When Words Matter: Te Reo Maori Masthead
2019 Finalist

When Words Matter: Te Reo Maori Masthead

Stuff Media NZ

Wellington, New Zealand

Category Best Idea to Encourage Print Readership or Engagement

Media associated with this campaign

Overview of this campaign

To do this justice and properly, we consulted local iwi (tribe) Ngati Toa and Taranaki Whanui, who were incredibly supportive of the idea right from the start. They explained it was impossible to translate our title directly, but would be borne from Maori concepts to reflect our region/capital and us being a newspaper.

The result was Te Upoko-o-te-Ika, which translates loosely as ‘the report from the head of the fish (of Maui)’. It is based on the Maori myth of Maui landing a massive ‘fish’, which eventually turned out to be New Zealand’s North Island. The head refers to both the shape of the North Island’s south, and Wellington being the capital. In short, the capital’s newspaper.

The full myth of Maui can be read here.

Initially we had planned to run both the English and te reo Maori titles simultaneously, with equal prominence, but we decided against this, because the impact would have been lost in a sea of words.

The Dominion Post title featured in smaller point size in the top right-hand corner. It was accompanied by a piece from the Editor, which explained the change and urged readers to embrace the policy.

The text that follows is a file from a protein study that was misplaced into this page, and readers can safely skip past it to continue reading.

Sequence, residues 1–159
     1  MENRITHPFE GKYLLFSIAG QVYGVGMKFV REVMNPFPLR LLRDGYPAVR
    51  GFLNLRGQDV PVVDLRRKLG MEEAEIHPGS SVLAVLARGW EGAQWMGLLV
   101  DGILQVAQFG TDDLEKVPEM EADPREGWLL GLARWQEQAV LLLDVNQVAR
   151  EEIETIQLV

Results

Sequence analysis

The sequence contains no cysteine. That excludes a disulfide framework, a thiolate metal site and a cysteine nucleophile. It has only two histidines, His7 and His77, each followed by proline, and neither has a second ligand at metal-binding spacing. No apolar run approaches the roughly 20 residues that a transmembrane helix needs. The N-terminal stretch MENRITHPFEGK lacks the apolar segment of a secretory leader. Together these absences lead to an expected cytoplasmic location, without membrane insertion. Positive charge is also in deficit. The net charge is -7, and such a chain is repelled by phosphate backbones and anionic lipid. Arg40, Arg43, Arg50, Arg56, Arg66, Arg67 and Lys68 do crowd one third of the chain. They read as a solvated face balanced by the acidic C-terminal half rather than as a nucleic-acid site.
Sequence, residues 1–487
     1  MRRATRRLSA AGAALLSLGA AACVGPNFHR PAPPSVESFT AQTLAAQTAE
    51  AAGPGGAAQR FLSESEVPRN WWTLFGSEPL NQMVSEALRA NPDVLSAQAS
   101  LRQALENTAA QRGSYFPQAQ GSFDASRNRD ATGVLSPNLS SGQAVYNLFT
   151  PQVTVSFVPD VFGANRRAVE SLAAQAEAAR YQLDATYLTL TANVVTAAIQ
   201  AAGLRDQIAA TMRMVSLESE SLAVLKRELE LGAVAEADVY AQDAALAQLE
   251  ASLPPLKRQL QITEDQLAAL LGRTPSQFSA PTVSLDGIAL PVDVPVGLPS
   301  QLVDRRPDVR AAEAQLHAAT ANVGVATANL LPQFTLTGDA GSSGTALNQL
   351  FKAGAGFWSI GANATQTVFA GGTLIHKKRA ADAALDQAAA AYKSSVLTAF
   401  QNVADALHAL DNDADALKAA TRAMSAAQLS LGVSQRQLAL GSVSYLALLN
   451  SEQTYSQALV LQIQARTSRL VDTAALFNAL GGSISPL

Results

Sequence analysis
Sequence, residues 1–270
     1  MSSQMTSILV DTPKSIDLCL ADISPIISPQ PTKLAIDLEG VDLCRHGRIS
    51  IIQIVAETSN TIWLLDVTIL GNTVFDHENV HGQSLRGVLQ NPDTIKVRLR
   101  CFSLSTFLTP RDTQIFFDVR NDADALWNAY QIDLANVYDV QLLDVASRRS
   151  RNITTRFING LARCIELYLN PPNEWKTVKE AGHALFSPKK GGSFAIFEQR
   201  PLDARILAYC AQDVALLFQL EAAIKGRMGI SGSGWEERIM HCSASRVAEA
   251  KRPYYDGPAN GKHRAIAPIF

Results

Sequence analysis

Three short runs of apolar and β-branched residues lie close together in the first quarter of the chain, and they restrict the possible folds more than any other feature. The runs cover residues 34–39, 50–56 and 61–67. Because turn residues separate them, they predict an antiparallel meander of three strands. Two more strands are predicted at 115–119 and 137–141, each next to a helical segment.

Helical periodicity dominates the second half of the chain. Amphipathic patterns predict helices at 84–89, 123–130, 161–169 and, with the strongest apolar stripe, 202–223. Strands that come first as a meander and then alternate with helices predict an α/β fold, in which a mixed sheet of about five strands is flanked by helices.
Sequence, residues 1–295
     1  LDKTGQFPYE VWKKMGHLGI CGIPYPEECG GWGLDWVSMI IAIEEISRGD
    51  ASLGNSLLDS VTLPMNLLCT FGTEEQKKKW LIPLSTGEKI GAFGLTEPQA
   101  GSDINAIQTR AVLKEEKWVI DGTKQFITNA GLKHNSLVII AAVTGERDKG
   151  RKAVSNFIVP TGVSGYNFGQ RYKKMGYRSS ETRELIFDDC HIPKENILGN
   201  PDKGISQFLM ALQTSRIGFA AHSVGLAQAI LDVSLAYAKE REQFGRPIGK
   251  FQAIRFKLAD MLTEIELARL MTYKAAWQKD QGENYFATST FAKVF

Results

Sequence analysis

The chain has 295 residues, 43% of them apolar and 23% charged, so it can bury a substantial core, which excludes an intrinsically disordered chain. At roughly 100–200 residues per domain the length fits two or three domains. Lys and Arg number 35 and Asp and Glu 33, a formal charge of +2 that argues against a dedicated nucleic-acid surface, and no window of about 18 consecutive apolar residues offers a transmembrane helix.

We also changed our Saturday masthead to Te Upoko-o-te-Ika Weekend.

We reverted to our English masthead at the end of Matariki but, determined to bring about real change rather than it simply being a nod of tokenism, Te Upoko-o-te-Ika has become a permanent feature, in smaller point size in the top right-hand corner.


Results for this campaign

It’s sad to say, but we were expecting a backlash, or at least a lot of criticism. Instead, we were overwhelmed with calls, emails and an outpouring on social media praising our move.

Wellington Mayor Justin Lester started the ball rolling with a Tweet, which was shared and copied hundreds of times, while many readers also took to social media to voice their support.

Anecdotally, we had an increase in sales, as many people told us they’d buy a copy for “history’s sake”.

The chorus grew to such an extent that we had readers asking, “can you make this a permanent masthead?” We won’t, but we have re-used the te reo masthead for Maori Language Week in September 2018.

Newspapers have long shed the image of being ‘papers of record’. We are shapers and influencers of opinion, and The Dominion Post is immensely proud in taking the lead in this regard.

Did everyone love it? Of course not, and we had eight subscription cancellations with readers saying “we don’t want te reo/Maori in our newspaper”.

No editor likes losing subscribers, but Stuff was comfortable wearing the small losses for doing the right thing.

And that is underpinned by these lines from Justin Lester:

“I can honestly say I have never been as proud of the newspaper, or Wellington generally, when I picked up my copy of the Dom Post that morning.

"Our council meeting that day was a moving occasion. We had many elected members and Iwi members moved to tears because they could sense the importance of the move and what it meant for the future of Maori language and culture in New Zealand.”


Contact

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